Could Ryanair Be In For A Bumpy Landing?VW Staff
Ryanair Holdings plc (NASDAQ:RYAAY)’s rise to the top has been nothing short of phenomenal. From a single route in 1984 ferrying passengers from Waterford in Ireland to London, it has grown to become Europe’s largest airline. But with a horrendous reputation for customer service and a growing array of add-on charges driving customers away, is the budget airline finally running out of runway?
Low cost air travel for everyone
There’s no doubt that Ryanair’s low cost business model revolutionized the commercial aviation industry in Europe. Indeed, while it was responsible for making air travel more affordable for everyone, many of its competitors embraced those very same policies.
Yet the firm has always been criticized for its customer service, poor employee relations, complex fee structures, baggage restrictions and gung-ho marketing. At the helm, Michael O’Leary remains a charismatic and unbending individual, thriving on controversy and conflict. But, make no mistake, it was this one man’s vision that turned round the ailing company in the 80s when he took over from founder, Tony Ryan.
Low cost flights, high cost everything else
Ryanair built its reputation on being able to offer ‘no-frills’ flights for as little as 1c. However, that sort of revenue won’t pay the bills. Running costs have to come from somewhere, so Ryanair sources 20% of its revenue from ancillary services and fees. Passengers are charged £70 at the airport if they arrive without a pre-printed boarding card and another €100 if they don’t check in their luggage online. At the departure gates, a Ryanair Holdings plc (NASDAQ:RYAAY) employee makes sure the weight and dimensions of carry-on baggage is within strict guidelines. Those who flout the rules are fined on the spot.
In-flight prices for food, drink and other services are among the highest in the industry. To keep landing charges low, Ryanair negotiates preferential deals with regional airports, many of which are many miles from major cities, meaning extra costs and traveling times for passengers.
What price loyalty?
Up until now, this has been fine for most passengers who realise if you want to fly on the cheap, then you have to play by the rules. But, suggesting new policies that enrage its passengers, such as charging to use toilets, redesigning aircraft to allow standing passengers and charging extra for overweight passengers hasn’t helped customer relations. Just this week, O’Leary said that charges for carry-on baggage were ‘inevitable’.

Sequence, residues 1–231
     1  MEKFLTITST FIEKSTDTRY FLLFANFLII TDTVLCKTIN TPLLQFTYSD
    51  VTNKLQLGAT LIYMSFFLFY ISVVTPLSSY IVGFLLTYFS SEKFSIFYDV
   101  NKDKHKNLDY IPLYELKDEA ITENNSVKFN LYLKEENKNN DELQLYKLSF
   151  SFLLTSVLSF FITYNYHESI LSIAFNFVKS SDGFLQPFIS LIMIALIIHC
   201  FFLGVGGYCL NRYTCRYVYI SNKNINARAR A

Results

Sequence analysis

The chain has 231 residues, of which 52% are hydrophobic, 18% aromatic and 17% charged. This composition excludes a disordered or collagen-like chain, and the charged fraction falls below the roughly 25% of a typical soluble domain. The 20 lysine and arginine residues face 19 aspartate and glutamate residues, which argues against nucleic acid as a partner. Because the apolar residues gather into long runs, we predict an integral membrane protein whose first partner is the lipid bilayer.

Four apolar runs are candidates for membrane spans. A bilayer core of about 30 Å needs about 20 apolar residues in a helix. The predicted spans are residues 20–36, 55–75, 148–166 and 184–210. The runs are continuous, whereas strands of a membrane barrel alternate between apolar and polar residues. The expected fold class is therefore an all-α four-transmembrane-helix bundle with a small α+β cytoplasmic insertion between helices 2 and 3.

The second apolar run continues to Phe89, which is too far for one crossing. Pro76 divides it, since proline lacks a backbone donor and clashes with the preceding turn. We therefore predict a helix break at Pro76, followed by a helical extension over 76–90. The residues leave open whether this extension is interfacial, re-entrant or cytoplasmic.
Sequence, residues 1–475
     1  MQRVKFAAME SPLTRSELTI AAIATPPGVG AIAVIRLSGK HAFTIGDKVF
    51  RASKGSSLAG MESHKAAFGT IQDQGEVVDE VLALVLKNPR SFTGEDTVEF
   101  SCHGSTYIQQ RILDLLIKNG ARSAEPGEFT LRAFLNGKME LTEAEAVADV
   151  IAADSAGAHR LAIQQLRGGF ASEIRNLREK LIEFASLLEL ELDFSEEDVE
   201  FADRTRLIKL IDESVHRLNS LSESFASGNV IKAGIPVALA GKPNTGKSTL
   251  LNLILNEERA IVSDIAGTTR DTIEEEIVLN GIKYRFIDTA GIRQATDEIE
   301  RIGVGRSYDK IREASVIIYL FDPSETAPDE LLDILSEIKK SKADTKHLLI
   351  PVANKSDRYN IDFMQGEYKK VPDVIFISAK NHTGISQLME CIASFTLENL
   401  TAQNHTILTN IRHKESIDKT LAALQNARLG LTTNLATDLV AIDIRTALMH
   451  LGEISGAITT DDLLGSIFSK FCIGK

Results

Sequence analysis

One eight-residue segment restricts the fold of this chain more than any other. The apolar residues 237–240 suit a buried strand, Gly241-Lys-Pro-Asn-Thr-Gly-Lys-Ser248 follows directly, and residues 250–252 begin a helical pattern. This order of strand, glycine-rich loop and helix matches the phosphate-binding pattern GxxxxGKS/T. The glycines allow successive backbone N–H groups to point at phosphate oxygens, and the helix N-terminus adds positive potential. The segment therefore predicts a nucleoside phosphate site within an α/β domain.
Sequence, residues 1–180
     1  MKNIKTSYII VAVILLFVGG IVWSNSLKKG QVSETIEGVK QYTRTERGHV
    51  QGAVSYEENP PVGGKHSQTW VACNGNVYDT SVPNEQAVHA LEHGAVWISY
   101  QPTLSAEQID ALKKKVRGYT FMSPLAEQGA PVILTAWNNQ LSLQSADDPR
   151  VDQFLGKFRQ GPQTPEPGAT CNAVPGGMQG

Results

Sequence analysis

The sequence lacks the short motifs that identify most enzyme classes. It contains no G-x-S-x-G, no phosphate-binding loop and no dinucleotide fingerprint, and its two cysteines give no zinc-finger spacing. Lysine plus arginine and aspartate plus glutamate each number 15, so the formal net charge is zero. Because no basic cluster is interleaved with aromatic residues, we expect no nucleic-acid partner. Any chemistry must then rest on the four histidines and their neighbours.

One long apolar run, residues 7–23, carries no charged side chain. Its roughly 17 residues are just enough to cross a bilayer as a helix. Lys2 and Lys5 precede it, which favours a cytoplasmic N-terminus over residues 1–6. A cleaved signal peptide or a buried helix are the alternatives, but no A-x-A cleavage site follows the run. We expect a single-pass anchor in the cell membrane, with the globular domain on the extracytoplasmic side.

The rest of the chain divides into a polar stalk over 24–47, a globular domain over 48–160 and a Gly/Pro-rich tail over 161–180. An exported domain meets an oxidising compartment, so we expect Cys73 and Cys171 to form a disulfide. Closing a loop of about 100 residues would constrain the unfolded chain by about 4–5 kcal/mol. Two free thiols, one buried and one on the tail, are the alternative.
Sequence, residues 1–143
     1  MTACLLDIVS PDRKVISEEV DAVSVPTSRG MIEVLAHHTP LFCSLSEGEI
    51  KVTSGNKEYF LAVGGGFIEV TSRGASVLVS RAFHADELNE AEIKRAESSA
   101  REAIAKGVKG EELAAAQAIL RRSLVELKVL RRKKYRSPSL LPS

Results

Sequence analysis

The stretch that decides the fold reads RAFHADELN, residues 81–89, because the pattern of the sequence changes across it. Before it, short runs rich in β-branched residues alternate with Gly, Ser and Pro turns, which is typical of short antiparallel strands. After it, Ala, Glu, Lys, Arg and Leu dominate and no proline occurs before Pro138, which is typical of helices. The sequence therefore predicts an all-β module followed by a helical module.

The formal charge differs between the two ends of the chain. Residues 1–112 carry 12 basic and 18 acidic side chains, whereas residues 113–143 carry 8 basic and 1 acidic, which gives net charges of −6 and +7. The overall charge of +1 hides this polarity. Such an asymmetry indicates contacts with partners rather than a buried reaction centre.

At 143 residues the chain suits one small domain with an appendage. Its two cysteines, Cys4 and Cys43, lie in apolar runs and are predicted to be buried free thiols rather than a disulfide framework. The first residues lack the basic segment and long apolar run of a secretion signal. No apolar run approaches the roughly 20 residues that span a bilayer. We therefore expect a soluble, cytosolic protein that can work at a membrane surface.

When The Economist says, “Ryanair has a deserved reputation for nastiness” and that the airline “has become a byword for appalling customer service”, it’s hardly surprising that customers start to look elsewhere. Aer Lingus, in particular, is beginning to look more attractive, even at higher prices. The national airline has been cutting costs in every area order to compete with Ryanair and is seeing results. Passenger numbers and capacity are up across the board. Previously, these were Ryanair’s customers.
So it should come as no surprise that since 2006, O’Leary has been doing everything he can to get his hands on the national airline. Despite managing to accrue almost 30% of Aer Lingus’ stock, he’s been unsuccessful. Even the Irish government, desperate to offload their 25% stake in Aer Lingus, refused to sell to Ryanair, stating it would give the airline a monopoly on flights out of Ireland.
Last call for Ryanair
There’s very little left Ryanair Holdings plc (NASDAQ:RYAAY) can do to cut costs or boost revenues. Surely, any new money spinning schemes will put off more passengers. Rising fuel prices are taking their toll too, making up 47% of all costs. Ryanair’s capacity currently stands at 88% – very little improvement can be made here. Passenger numbers are up just 3% on last year, but there has been a 21% fall in after tax profits for the first fiscal quarter mainly due to higher fuel costs.
Ryanair Holdings plc (NASDAQ:RYAAY)’s share price which has risen rapidly from around €4 in mid-2012 leveled out in July fluctuating between €7 and €7.50. Realistically, if the airline wants to see further gains, then O’Leary may have to concede that it’s time to review how it treats its customers.
O’Leary may be banking on acquiring Aer Lingus, which he says will operate independently from Ryanair Holdings plc (NASDAQ:RYAAY). It’s a big gamble. And if he isn’t successful, there could be turbulence ahead for the airline.